During PAX West 2016 in Seattle, I was given the chance to play the very first hour of Final Fantasy XV. As one of the biggest games releasing this fall, if not this year, you may have already watched the first thirty minutes we recorded atTokyo Game show. Save for being able to make my own decisions regarding play style and travel, most everything else is what you saw.
Of course, compressed video can’t match actually seeing and playing a game in person, and I am happy to report that Final Fantasy XV does look impressive playing on an HD TV. The desert climate you begin in, with its vistad stretching quite far into the distance, is detailed and defined. No blurry vaseline effects here. While I played on a PlayStation 4, the Xbox One version was available as well and looked just as good while looking over a players shoulder.
Despite having an hour to play the game I needed more time to fully learn the battle mechanics, as well as the layout of the map. While quantity doesn’t equate to quality, I was interested in spending more time in each town. I wanted to talk more with its residents and check out a modern society mixing with fantasy elements such as dangerous animals and magic.
The main quest line sees you bringing a broken down car to Cindy. While here grandfather Cid repairs it, she sends you on an errand. What begins as eradicating some varmints turns into a missing person search, followed by a mid-boss battle. The escalation of conflict and variety of locations kept me interested in pursuing this quest line to its end. Once finished I was given access to the car, and thus the ability to travel to other towns in the surrounding area. I spent some time cruising through the desert roads, but after reaching my next objective my time had expired.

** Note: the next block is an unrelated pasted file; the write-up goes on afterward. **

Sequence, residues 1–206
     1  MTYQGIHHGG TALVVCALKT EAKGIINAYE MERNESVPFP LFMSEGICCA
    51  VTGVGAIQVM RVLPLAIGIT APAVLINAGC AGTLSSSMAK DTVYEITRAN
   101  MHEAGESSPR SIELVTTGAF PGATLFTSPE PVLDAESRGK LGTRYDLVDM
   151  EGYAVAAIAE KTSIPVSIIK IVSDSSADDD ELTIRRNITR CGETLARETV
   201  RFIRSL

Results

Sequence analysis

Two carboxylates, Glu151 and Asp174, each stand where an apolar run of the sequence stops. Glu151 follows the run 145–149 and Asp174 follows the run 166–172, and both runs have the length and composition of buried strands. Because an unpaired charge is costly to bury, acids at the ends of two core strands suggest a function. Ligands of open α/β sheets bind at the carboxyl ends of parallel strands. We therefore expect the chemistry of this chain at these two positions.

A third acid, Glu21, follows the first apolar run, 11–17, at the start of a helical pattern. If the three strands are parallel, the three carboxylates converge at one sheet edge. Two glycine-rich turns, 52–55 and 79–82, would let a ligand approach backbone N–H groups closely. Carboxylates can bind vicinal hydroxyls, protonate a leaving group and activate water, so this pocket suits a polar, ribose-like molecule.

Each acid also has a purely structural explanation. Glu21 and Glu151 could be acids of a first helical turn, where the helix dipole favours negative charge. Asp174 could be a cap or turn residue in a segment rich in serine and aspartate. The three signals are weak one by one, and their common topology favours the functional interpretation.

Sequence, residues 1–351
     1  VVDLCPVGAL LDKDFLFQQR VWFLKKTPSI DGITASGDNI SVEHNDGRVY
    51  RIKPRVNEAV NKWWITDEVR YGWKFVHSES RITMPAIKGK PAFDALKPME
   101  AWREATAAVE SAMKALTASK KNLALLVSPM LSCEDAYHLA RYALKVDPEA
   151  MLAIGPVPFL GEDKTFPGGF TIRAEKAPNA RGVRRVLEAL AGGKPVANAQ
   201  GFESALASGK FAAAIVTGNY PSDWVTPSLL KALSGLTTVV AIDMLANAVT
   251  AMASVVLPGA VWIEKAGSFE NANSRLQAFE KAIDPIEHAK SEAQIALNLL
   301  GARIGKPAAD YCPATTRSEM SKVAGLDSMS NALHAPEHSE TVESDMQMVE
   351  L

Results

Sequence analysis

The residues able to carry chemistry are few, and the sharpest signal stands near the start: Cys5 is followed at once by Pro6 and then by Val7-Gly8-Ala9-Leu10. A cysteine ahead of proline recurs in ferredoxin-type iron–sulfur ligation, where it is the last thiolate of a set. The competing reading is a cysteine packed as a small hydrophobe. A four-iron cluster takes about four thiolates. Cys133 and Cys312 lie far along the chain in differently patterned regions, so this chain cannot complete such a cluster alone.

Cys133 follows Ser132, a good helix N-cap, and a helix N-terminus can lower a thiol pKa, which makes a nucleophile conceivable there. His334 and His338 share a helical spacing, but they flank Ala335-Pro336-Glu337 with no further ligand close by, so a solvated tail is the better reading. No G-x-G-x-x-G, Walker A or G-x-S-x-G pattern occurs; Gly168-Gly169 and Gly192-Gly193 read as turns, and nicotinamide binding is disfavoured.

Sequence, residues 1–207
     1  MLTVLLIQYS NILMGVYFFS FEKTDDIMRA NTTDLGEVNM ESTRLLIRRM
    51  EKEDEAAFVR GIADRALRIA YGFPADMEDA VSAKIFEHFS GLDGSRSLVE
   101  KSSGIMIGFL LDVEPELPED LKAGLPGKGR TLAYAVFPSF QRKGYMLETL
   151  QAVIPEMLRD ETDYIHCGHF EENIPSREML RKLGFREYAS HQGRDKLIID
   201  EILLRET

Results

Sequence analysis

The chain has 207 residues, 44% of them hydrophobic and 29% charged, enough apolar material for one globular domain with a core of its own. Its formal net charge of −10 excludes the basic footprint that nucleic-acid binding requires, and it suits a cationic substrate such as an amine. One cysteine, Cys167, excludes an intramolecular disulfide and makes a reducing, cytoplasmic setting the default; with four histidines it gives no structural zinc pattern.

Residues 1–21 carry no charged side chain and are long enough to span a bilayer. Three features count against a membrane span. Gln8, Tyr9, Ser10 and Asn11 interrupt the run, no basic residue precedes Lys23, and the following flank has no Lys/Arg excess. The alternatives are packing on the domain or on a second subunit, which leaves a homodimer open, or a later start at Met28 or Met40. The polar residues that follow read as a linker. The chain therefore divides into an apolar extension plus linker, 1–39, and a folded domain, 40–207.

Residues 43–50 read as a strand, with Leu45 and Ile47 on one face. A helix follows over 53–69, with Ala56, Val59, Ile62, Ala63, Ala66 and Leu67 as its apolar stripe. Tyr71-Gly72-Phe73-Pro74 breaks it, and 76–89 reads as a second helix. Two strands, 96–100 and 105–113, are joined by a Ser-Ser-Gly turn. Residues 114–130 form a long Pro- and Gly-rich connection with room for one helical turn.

As for gameplay, this version of Final Fantasy XV is very much a significantly upgraded Episode Duscae. For those who haven’t played the demo, Final Fantasy XV‘s combat leans into action while keeping an option to slow things down for those who prefer gameplay closer to the còassic-turn based. When in real-time, you are either tapping or holding the attack button and watching for tells when an enemy is about to strike. You can dodge, or parry correctly for a counter, or warp out of the area when overrun.
You can also choose to swap between your equipped weapons, which in the demo were a sword, spear, and greatsword. The gameplay here is not too dissimilar from Final Fantasy‘s cousin Kingdom Hearts. Although there is far more customization available when it comes to the circular skill tree reminiscent of Final Fantasy X. And equipment, weapon choice specifically, plays a much more active role in your real-time attacks than ever before.
Once over, each battle will grade you based on defense, stealth, and offense. The better your grade the more experience you earn to cash in for AP points that afford you more skills. One small touch I enjoyed was that when sprinting, if you allowed the stamina bar to nearly deplete and let go it will instantly refill. This allows for near endless sprinting, a great asset when exploring the vast expanse of wilderness given.